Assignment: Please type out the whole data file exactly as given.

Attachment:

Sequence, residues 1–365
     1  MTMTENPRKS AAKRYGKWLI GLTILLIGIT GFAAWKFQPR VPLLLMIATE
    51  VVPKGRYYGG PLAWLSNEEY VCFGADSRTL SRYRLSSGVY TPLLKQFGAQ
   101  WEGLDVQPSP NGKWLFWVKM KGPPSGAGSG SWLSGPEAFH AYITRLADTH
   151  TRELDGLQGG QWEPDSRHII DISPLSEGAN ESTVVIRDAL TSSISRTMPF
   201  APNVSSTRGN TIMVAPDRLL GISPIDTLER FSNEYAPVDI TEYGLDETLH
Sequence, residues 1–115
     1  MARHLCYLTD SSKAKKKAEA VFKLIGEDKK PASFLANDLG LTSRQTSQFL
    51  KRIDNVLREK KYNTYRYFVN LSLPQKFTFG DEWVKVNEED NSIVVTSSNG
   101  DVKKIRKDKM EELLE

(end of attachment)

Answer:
Sequence, residues 1–365
     1  MTMTENPRKS AAKRYGKWLI GLTILLIGIT GFAAWKFQPR VPLLLMIATE
    51  VVPKGRYYGG PLAWLSNEEY VCFGADSRTL SRYRLSSGVY TPLLKQFGAQ
   101  WEGLDVQPSP NGKWLFWVKM KGPPSGAGSG SWLSGPEAFH AYITRLADTH
   151  TRELDGLQGG QWEPDSRHII DISPLSEGAN ESTVVIRDAL TSSISRTMPF
   201  APNVSSTRGN TIMVAPDRLL GISPIDTLER FSNEYAPVDI TEYGLDETLH
Sequence, residues 1–115
     1  MARHLCYLTD SSKAKKKAEA VFKLIGEDKK PASFLANDLG LTSRQTSQFL
    51  KRIDNVLREK KYNTYRYFVN LSLPQKFTFG DEWVKVNEED NSIVVTSSNG
   101  DVKKIRKDKM EELLE